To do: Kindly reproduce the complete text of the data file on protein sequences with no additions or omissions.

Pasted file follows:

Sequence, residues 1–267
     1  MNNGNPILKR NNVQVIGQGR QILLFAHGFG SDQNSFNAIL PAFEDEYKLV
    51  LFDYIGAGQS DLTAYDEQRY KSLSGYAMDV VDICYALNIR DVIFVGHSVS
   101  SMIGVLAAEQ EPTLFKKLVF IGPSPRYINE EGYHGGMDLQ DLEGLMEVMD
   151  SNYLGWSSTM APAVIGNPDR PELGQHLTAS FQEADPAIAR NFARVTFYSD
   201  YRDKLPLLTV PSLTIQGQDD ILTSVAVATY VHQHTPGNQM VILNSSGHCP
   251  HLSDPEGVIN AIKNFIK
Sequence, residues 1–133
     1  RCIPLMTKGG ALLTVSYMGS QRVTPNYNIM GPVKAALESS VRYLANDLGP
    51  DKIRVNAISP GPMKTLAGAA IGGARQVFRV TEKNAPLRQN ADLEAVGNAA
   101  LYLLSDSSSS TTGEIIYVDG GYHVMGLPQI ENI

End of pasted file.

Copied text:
Sequence, residues 1–267
     1  MNNGNPILKR NNVQVIGQGR QILLFAHGFG SDQNSFNAIL PAFEDEYKLV
    51  LFDYIGAGQS DLTAYDEQRY KSLSGYAMDV VDICYALNIR DVIFVGHSVS
   101  SMIGVLAAEQ EPTLFKKLVF IGPSPRYINE EGYHGGMDLQ DLEGLMEVMD
   151  SNYLGWSSTM APAVIGNPDR PELGQHLTAS FQEADPAIAR NFARVTFYSD
   201  YRDKLPLLTV PSLTIQGQDD ILTSVAVATY VHQHTPGNQM VILNSSGHCP
   251  HLSDPEGVIN AIKNFIK
Sequence, residues 1–133
     1  RCIPLMTKGG ALLTVSYMGS QRVTPNYNIM GPVKAALESS VRYLANDLGP
    51  DKIRVNAISP GPMKTLAGAA IGGARQVFRV TEKNAPLRQN ADLEAVGNAA
   101  LYLLSDSSSS TTGEIIYVDG GYHVMGLPQI ENI